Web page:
Why no more Latin?


#1

Can someone please explain to me why Latin isn’t the normal language at Mass anymore? I realize that Latin is still spoken at special Masses…but why not at a normal one?

I love Latin and would love to be able to attend a Latin Mass. Since I’m a (pseudo)Protestant, I don’t know most of the responses in English…but since I’ve been in Choir my entire life, I know them in Latin…heh.

~mango~


#2

[quote=mango_2003]Can someone please explain to me why Latin isn’t the normal language at Mass anymore? I realize that Latin is still spoken at special Masses…but why not at a normal one?

I love Latin and would love to be able to attend a Latin Mass. Since I’m a (pseudo)Protestant, I don’t know most of the responses in English…but since I’ve been in Choir my entire life, I know them in Latin…heh.

~mango~
[/quote]

Latin still is the normal language of the Mass whether it is the New Mass or the Traditional Latin Mass, it is just many priest do not follow the norm anymore.

We use Ecclesiastical Latin for pronounciation instead of Classical Latin.


#3

Although Vatican II intended to keep most parts of the Mass in Latin and give Latin a higher footing, most people thought it was the Green light to kill Latin in the Mass during the 1960’s.


#4

what’s a “pseudo-protestant”?


#5

[quote=Minerva]what’s a “pseudo-protestant”?
[/quote]

Someone who wants to be Catholic


#6

Then convert :slight_smile: That is what I did and I haven’t looked back since. I have accomplished a lot of things in my life…a lot of things I can be proud of, but nothing makes me prouder than making the choice to become a Catholic. It is the most defining moment of my life. Praise be to God.

[quote=Faustina]Someone who wants to be Catholic
[/quote]


#7

They changed it because people didnt understand Latin and should be able to understand the mass. It was used by the corrupt Church centuries ago to keep people from actually reading the bible, as these people didnt understand Latin, and so it was a privelege only the clergy could hold. Eventually the people got mad about this because they were being deceived and the bible was translated. I guess the same thing happened with mass. If you cant understand whats going on how can you believe in it…you need to understand god’s teachings!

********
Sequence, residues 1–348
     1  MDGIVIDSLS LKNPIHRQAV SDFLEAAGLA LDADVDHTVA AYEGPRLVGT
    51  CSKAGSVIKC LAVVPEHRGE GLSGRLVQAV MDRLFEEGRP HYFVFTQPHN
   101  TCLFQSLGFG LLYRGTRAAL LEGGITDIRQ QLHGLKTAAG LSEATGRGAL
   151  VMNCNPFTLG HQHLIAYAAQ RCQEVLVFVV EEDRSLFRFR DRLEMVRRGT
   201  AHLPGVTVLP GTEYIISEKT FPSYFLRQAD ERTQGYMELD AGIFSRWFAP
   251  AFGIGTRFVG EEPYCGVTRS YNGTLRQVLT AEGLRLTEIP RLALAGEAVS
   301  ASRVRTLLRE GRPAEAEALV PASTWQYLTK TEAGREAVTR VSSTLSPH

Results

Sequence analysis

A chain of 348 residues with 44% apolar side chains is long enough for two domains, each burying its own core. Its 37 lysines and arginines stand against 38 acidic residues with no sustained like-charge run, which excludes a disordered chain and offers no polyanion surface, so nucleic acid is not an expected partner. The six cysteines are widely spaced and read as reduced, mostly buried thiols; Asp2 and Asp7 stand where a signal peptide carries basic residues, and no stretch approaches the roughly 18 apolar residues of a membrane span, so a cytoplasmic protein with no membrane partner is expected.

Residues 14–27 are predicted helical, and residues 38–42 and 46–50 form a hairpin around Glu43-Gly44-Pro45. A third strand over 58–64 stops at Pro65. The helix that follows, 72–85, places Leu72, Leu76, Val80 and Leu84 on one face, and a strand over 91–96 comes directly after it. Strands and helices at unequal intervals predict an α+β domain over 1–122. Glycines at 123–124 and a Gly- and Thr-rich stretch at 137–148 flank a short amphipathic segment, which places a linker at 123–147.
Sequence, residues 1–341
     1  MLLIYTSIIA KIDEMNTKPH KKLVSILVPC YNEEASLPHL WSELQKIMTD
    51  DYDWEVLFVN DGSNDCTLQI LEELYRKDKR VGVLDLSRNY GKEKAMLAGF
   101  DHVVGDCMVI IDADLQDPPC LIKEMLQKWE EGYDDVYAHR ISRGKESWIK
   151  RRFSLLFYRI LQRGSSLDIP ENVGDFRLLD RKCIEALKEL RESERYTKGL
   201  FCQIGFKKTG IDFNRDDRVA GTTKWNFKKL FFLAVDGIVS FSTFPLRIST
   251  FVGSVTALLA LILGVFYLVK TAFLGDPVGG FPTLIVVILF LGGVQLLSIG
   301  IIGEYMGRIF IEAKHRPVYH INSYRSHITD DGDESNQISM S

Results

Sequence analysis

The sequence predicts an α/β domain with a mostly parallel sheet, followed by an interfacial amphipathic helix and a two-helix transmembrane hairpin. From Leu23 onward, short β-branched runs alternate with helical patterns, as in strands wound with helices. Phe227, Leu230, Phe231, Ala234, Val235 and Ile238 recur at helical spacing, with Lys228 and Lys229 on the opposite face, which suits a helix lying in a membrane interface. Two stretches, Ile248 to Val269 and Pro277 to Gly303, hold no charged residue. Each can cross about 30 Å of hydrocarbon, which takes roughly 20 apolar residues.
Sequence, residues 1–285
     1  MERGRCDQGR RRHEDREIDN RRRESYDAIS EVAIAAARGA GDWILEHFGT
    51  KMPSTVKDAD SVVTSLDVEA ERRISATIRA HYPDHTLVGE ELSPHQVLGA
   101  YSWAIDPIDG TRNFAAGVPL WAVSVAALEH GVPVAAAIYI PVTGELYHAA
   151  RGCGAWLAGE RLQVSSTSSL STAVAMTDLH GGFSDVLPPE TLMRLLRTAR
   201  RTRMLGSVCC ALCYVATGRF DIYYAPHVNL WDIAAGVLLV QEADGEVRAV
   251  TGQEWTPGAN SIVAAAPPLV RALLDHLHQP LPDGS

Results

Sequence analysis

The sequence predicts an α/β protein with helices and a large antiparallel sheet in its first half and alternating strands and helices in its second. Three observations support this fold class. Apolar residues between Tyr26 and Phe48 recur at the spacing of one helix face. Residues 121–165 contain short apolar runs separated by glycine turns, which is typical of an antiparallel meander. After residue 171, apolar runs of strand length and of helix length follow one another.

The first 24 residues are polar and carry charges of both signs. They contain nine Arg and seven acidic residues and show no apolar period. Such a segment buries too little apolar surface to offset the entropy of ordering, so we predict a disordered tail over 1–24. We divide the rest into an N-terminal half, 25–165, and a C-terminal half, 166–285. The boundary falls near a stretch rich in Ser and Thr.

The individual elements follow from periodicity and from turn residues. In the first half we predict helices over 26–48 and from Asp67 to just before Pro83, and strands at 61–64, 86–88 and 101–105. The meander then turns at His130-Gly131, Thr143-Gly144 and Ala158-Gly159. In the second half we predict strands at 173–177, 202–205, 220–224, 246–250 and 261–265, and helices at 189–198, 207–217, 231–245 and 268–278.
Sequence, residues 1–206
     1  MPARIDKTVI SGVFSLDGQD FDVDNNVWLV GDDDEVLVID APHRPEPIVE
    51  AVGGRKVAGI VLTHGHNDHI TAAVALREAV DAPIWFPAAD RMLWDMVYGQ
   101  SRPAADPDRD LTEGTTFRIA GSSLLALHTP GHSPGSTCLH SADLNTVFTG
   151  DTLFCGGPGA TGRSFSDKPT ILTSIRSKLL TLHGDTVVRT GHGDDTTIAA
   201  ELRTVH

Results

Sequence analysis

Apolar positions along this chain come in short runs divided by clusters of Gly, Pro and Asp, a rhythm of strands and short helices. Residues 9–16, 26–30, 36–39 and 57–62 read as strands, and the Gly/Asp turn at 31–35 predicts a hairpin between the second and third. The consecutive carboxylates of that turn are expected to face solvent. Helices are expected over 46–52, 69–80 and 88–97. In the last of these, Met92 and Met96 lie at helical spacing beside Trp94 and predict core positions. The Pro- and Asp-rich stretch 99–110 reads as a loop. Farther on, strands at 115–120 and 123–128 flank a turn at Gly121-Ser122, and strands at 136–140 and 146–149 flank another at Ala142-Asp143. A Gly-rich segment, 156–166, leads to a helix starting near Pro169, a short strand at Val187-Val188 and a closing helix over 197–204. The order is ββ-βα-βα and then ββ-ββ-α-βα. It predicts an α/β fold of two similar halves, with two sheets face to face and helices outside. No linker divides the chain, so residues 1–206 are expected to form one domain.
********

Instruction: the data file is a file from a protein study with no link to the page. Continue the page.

#8

[quote=siamesecat]They changed it because people didnt understand Latin and should be able to understand the mass. It was used by the corrupt Church centuries ago to keep people from actually reading the bible, as these people didnt understand Latin, and so it was a privelege only the clergy could hold. Eventually the people got mad about this because they were being deceived and the bible was translated. I guess the same thing happened with mass. If you cant understand whats going on how can you believe in it…you need to understand god’s teachings!
[/quote]

hmmm … how does a Mass in Latin prevent lay people from reading the Bible?

For a long time, Latin was the common language of the ‘educated’ in large portions of the world. Most of those who could read, could read Latin. As education became more widespread, other languages evolved, contact with other cultures ensued, et cetera, translation of the Bible to vernacular languages proceeded.

Nevertheless, the Mass continued to be said in Latin. Vernacular Bibles and Latin Masses coexisted for centuries.

(I’d be interested to know where you got your series of historical ‘facts’ …)


#9

People not understanding Latin wasn’t the immediate cause for vernacular masses (they had missals with the English and the Latin), but masses weren’t as participative --in an exterior sense-- before Vat II. (That doesn’t mean people weren’t devout and involved in an interior way, they just didn’t have as many speaking parts.) One of the changes permitted (not required) was Mass in the vernacular. Some liturgists jumped on this as a way to increase “vocal” participation by the people in the pews.
Latin was still meant to be used and understood. Unfortunately, today many clergy and lay people have a fear of the unknown…many are too young to have been exposed to the Latin. It is an important part of our history and culture, and there is a movement to bring back more Tridentine (Old Style Latin masses) due to a perception that it is more reverent. (This may say more about the quality of the English liturgy than the virtures of the Latin ones.) Priests can say a “new” mass in Latin if they wish…


#10

[quote=siamesecat]They changed it because people didnt understand Latin and should be able to understand the mass. It was used by the corrupt Church centuries ago to keep people from actually reading the bible, as these people didnt understand Latin, and so it was a privelege only the clergy could hold. Eventually the people got mad about this because they were being deceived and the bible was translated. I guess the same thing happened with mass. If you cant understand whats going on how can you believe in it…you need to understand god’s teachings!
[/quote]

Number one, your statements are ignorant and rude.

Number two, St. Jerome Translated the Scriptures into Vulgate Latin, so the Roman people could read and understand the scriptures.

Number three, what is now the Douay-Rheims Bible, was began before the King James Version.

Number four, books were expensive back then, to own one you had to be rich, the printing presses has not been invented yet. Many people were illiterate and could not read.